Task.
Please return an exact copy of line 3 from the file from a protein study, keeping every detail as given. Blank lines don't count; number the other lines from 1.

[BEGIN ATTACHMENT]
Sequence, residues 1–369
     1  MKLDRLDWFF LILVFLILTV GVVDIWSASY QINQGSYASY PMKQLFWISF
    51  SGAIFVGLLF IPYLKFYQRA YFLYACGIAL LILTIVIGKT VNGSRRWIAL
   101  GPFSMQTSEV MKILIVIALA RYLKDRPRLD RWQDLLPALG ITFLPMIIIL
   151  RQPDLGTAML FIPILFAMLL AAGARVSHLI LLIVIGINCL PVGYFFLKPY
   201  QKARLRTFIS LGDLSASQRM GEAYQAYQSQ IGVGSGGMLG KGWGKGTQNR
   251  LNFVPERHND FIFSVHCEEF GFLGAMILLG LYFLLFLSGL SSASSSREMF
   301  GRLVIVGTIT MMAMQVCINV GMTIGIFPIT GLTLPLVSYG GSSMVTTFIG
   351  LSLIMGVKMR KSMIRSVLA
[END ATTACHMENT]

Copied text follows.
    51  SGAIFVGLLF IPYLKFYQRA YFLYACGIAL LILTIVIGKT VNGSRRWIAL